The Salvation Army has set a target of $20 million for its annual Christmas Kettle Drive but says it is experiencing a shortage of suitable persons to man the collection pots.
Most of the ‘kettlers’ – the persons in charge of familiar red collection pots at locations in town centres across the island – are elderly and are unwilling to volunteer as much since the pandemic, according to Major Nana Boakye-Agyemang, Divisional Commander of the Salvation Army’s Eastern Jamaica Division.
“Some of the persons we have are quite elderly, and since COVID, they are not willing to go out there as they used to”, Major Boakye-Agyemang told Loop News.
He said there are kettles at approximately 110 locations, primarily in the eastern part of Jamaica, mostly at supermarkets, financial institutions and quick service restaurants. However, with only about 80 workers, some locations are not attended to.
Some 50 of the kettles are in Kingston alone. The Major said he would appreciate the help of service clubs to assist in manning the kettles.
Describing the shortage of kettlers as a big challenge, Major Boakye-Agyemang says there are still ways in which persons can contribute electronically to the charity.
“In my opinion, the ways in which the new generation contributes to the needy are much different than in the past when people were more willing to make personal sacrifices to help others. The younger generation will more easily transfer a couple of dollars from their phones than go out there and solicit”, he said.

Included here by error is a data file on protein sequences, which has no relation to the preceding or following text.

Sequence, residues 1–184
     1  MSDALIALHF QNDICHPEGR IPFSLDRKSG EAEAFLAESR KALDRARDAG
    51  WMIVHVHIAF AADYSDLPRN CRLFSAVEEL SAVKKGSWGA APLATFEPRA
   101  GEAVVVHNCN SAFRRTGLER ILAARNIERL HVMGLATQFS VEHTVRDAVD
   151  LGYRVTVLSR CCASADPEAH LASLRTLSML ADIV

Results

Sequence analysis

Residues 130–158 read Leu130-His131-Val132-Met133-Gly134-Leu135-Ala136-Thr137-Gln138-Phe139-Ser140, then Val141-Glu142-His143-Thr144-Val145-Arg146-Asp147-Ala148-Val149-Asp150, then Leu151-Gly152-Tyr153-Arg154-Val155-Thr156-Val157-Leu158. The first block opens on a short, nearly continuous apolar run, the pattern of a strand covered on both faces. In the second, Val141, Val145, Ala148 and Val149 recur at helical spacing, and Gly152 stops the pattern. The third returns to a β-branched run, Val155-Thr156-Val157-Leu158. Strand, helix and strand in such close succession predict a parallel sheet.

However, he noted that direct bank transfers to the charity are welcome, with the world going cashless.
He said most of the money raised during the drive will go towards special Christmas hampers for the vulnerable and less fortunate, as well as to three residential children’s homes and the School for the Blind run by the Salvation Army.
“Our target is $20 million this year because of the increased need across our various programmes. As the tradition of the Salvation Army and our partners, we aim to provide 10,000 special Christmas hampers for those most in need to bring joy to the less fortunate at Christmas time”, Major Boakye-Agyemang said.
The three children’s homes are Hanbury and Windsor Lodge, both in Manchester, and NEST in Kingston.
“At the children’s homes we support more than a hundred children who are wards of the state. We provide a place where they can be safe, nurtured and integrated into society in the future. Through this programme some have gone on to acquire tertiary level education, which gives us the motivation to continue this work”, Major said.
He said there was also a campaign seeking support to acquire Braille machines for the School for the Blind that is needed for the students’ educational pursuits.
Major Boakye-Agyemang urged Jamaicans to give generously to the cause, stating: “Whatever gift we give is a reflection of the caring and generosity of the Jamaican people by virtue of their trust in us”.
Founded in England in 1865, the Salvation Army is a Christian church and an international charitable organisation with a worldwide membership of 1.7 million.
Major Boakye-Agyemang revealed there are about 3,000 members in Jamaica in 60 churches. The Caribbean territory headquarters of the Salvation Army is in Jamaica.
In addition to putting cash in the kettle pots, persons can make direct transfers to the Salvation Army at the following accounts:
● Scotiabank, The Scotia Centre, Downtown A/C #50765-802629
● CIBC First Caribbean Bank, King Street A/C #28503311
Cheques can be made payable to The Salvation Army EJD or donations can be mailed to: The Salvation Army, 3 Waterloo Road, Kingston 10 or The Salvation Army, 174 Orange Street, PO Box 153, Kingston.